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Obscure: The Aftermath

Platform(s): PC, PSP, PlayStation 2, Wii
Genre: Action/Adventure
Publisher: Playlogic
Developer: Hydravision
Release Date: March 25, 2008


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Wii Review - 'Obscure: The Aftermath'

by Matt Olsen on June 29, 2008 @ 1:30 a.m. PDT

Obscure II takes place two years after the gruesome events of the first game. The survivors have gone on to college and try to return to their normal lives. After the discovery of a beautiful but strange plant on school campus, events take a turn for the worse. Soon, the college students have to battle for survival once again.

I haven't had the "typical" college experience. My idea of a party is getting a group together to play Dungeons & Dragons every weekend. It may be nerdy, but I believe that it's a good substitute for alcohol, sex, drugs, and snorting ominous black flowers that turn you into monsters, which happens to be the case in Obscure: The Aftermath for the Wii.

The Aftermath is the sequel to high school-based action/horror game from 2005, Obscure. It revolves around the surviving students from Leafmore High, who are now living the college life at Fallcreek University. Alcohol, sex and drugs are among the usual activities in which the students participate. The latest drug to hit the campus turns its users into fat blob-like creatures … wait that's pizza! It turns out that black flowers, which have recent bloomed on campus, are causing people to turn into monsters.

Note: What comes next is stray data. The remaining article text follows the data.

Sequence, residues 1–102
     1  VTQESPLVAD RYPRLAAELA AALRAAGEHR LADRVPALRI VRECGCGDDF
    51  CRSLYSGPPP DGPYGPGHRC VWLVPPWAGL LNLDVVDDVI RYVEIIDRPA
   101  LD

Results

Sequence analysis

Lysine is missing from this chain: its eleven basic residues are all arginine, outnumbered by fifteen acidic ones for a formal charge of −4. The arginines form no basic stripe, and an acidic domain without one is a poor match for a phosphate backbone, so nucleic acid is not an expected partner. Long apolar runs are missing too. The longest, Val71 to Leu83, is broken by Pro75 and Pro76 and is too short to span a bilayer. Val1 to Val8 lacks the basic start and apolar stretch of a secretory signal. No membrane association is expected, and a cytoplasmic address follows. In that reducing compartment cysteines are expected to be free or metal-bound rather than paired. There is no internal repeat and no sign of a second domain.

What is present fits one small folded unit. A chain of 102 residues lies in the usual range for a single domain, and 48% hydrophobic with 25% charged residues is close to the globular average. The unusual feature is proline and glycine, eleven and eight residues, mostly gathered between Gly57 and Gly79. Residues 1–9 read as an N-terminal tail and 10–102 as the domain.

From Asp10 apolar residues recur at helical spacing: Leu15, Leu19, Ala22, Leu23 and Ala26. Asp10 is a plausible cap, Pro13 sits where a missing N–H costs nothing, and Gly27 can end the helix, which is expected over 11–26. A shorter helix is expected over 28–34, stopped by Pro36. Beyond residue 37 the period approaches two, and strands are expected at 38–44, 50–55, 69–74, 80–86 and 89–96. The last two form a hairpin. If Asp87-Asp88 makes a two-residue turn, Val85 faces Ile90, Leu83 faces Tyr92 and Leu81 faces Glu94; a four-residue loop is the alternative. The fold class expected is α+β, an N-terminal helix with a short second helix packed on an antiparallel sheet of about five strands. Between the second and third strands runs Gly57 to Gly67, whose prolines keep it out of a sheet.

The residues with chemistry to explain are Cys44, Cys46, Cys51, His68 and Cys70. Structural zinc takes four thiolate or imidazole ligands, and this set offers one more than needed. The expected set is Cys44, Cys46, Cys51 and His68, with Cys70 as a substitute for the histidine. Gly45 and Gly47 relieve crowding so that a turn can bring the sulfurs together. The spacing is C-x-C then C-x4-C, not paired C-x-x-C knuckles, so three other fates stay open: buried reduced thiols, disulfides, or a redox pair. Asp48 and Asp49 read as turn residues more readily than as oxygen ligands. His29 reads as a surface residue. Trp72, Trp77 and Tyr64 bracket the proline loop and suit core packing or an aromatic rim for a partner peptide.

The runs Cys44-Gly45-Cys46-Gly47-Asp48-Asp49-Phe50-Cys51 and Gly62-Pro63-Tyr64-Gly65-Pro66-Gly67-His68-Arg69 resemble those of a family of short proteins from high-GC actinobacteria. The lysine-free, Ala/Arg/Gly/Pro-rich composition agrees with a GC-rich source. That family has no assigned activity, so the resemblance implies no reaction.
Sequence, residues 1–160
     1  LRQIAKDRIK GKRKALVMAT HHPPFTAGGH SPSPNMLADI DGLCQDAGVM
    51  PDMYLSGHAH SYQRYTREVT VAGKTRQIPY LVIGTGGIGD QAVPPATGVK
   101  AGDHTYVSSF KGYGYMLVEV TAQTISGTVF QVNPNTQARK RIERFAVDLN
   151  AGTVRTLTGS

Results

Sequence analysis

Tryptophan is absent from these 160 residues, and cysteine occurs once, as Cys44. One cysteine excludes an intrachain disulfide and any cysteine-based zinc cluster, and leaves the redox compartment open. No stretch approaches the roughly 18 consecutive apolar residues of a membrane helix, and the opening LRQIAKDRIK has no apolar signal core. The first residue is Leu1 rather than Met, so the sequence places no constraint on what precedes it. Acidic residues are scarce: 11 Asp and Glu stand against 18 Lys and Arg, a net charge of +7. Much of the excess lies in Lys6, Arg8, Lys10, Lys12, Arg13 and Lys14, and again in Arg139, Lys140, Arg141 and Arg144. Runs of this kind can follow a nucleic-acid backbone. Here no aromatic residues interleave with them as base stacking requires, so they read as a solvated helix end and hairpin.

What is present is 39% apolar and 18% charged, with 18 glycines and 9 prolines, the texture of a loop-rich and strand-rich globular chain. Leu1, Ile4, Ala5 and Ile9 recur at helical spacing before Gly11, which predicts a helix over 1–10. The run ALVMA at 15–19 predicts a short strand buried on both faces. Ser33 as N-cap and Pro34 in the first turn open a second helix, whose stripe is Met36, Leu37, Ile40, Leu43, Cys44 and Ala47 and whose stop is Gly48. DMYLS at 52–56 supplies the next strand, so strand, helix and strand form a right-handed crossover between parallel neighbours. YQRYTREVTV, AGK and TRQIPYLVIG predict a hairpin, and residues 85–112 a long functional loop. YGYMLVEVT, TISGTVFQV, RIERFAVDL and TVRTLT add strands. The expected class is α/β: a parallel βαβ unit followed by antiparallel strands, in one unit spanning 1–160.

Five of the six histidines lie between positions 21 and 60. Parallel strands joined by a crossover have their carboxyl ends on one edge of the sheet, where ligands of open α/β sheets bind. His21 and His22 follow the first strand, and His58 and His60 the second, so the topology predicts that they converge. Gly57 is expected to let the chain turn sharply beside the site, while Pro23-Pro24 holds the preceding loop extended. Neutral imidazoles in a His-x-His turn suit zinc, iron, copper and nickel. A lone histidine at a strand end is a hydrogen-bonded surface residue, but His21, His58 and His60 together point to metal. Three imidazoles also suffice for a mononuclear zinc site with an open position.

Now it's up to a group of friends to stop this menace. In The Aftermath, there are six characters that you'll control, and each has his or her own unique skills and abilities. Corey is obsessed with his car and has a knack for acrobatics, including jumping and climbing onto high ledges. Mei, Corey's girlfriend, is adept at hacking into security devices. Amy is not only eye candy, but also a master of deciphering cryptic messages. Fighting for Amy's favor are Kenny and Sven, who are both known for their incredible strength, which is useful for pushing boxes and speakers. Finally, Stan's prison life has taught him the ways of picking locks.

Throughout the game, you'll control two characters at once; they're usually chosen for you for story purposes, but there are a few instances where you can choose the characters you want to control. You'll manually control one character, and the other character is controlled by the college dropout AI. You can switch which character you want to control by pressing the + button, which you'll do a lot for puzzle-solving purposes. During combat, you're pretty much on your own, since your computer counterpart will more or less stand around and take the hits or get in your way. If you have a buddy and another Wiimote, then he can jump in and control the other character at any time. The problem with this is the camera focuses on the first player, and if the second player isn't following closely behind you, he'll get left behind.